I see an embrace. A mother, wearing a blanket wrapped around her shoulders, extends her arms out to envelop her little one in warmth and comfort. The little one’s arms reach high—in need, in excitement, in aching relief—to clasp her neck. Joined, they are two halves made whole. They are their own and yet, also each other’s. I see the nurturing, strong Native women in paintings and sketches my own mother collects on her walls at home, and in the many exhibits she took me and my sister to view growing up. I see lines and light and artistry I would not be able to see without the guidance she shared all those afternoons we spent together in the galleries of D.C.

  • Marissa Carmi (Oneida Nation of Wisconsin) is the Associate Director of the American Indian Center and PhD candidate in American Indian and Indigenous Studies at UNC-Chapel Hill.

A sculpture made of two rounded bronze forms connected in the middle.

Allan C. Houser, Chiricahua Apache, 1914-1994, Next Generation II, 1989, bronze, sculpture: 61 x 92 x 74 in., 1500 lb. (154.9 x 233.7 x 188 cm, 680.39554 kg). Gift of Hugh A. McAllister Jr., MD ’66 in honor of his father Hugh A. McAllister Sr., MD ’35, 2012.3. © Chiinde LLC (a Houser/ Haozous family corporation).

Art asks us to pause, to breathe, to look, to ponder and then, to walk away holding a memory, however fleeting, of a moment in which the world grew still. This happens in the galleries at the Ackland Art Museum every day. I have seen it. But I have also seen this mystery with what is called public art. Public art is set into the wider world, with the context of changing light and shadow, sound and silence. Nevertheless, a stillness comes if we will pause.

Next Generation II is a remarkably quiet work of art. The scale is human – five feet, one inch tall and only a little more than eight feet wide. It is solid, sturdy, and impermeable. Without a “front” or a “back,” the sculpture holds time and space in three dimensions, and then, perhaps there is the suggestion of another dimension, the passage of time. Maybe this is why its placement near the entrance to the UNC Hospitals is so poignant. Unmoved by the reason you must enter or leave the hospital, it offers a moment of reflection. Pause and ask: Am I the next generation? Are you? Will the hospital be the last place I see? Is this the beginning or the end? Am I holding on or being held? We are all somewhere in the middle, taking a pause and in that moment, waiting with anticipation for what will come next.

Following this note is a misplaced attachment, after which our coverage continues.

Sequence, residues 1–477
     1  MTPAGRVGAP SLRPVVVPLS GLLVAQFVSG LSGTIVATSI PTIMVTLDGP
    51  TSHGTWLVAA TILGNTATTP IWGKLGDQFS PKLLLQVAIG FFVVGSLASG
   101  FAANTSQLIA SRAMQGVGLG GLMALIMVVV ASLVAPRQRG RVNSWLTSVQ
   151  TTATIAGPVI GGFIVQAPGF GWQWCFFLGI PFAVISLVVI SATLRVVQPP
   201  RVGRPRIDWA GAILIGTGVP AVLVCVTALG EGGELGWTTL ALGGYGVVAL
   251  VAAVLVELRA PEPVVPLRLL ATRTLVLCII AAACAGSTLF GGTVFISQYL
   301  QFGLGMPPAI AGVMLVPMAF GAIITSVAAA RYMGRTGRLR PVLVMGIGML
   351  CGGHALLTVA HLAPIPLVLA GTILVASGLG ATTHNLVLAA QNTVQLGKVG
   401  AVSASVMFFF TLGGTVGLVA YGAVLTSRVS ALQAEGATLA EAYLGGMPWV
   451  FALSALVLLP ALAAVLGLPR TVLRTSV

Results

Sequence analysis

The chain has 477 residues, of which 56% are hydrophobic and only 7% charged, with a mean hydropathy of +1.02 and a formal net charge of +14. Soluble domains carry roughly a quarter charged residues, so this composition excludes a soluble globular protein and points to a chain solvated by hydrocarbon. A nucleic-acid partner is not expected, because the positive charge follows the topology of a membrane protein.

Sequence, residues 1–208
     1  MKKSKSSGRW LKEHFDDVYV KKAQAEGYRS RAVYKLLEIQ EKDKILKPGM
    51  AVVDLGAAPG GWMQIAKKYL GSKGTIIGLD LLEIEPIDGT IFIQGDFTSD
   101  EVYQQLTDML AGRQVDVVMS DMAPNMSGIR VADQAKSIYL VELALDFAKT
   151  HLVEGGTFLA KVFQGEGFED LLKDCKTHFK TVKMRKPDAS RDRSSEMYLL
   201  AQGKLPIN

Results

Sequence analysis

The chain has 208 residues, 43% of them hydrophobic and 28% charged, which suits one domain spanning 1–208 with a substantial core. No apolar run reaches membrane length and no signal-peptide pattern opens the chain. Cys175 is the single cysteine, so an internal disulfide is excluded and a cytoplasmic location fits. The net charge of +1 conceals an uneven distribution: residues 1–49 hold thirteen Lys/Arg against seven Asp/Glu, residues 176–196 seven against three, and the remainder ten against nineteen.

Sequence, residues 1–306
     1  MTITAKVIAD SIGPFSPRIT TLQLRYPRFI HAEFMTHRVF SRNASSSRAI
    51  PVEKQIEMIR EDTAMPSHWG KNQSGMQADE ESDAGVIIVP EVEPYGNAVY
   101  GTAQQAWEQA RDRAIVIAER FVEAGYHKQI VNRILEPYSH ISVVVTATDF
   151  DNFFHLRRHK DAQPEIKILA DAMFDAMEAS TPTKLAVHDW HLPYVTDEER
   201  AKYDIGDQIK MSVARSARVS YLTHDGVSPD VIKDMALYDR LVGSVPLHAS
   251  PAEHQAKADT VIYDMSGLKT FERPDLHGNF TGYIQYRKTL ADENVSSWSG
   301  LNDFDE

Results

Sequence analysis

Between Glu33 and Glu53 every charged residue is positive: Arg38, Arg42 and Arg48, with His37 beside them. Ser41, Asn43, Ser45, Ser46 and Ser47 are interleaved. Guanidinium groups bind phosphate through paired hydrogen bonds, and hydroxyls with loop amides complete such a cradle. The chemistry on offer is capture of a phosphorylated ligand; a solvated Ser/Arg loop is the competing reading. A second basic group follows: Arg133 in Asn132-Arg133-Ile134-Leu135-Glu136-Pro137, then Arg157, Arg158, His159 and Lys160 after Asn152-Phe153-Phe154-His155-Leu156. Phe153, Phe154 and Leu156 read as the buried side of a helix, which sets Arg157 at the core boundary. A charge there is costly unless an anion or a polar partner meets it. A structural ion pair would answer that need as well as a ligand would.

• Amanda Millay Hughes is the senior director of development and strategy at Duke University Chapel. An artist and writer, Hughes spent many years at the Ackland as a staff member, docent, and participant in The Five Faiths Project. She leads the monthly Drawing in the Galleries program at the Ackland.
  • What word first comes to mind when you view the sculpture? Whether the word is about an emotion, the shape of the sculpture, or the material it’s made with, name what you see that gives you that impression. 
  • Describe the forms that make up the sculpture. How would you characterize them individually? What is the nature of their relationship? What do you see that makes you think that?
  • Where do you notice negative space, or the space between and around the object? How does this interact with the positive space of the artwork, or the solid form of the piece? How does this change as you move around the sculpture?
  • Consider where the sculpture is installed. What effect does the location have on the sculpture? Consider the artwork’s material and title.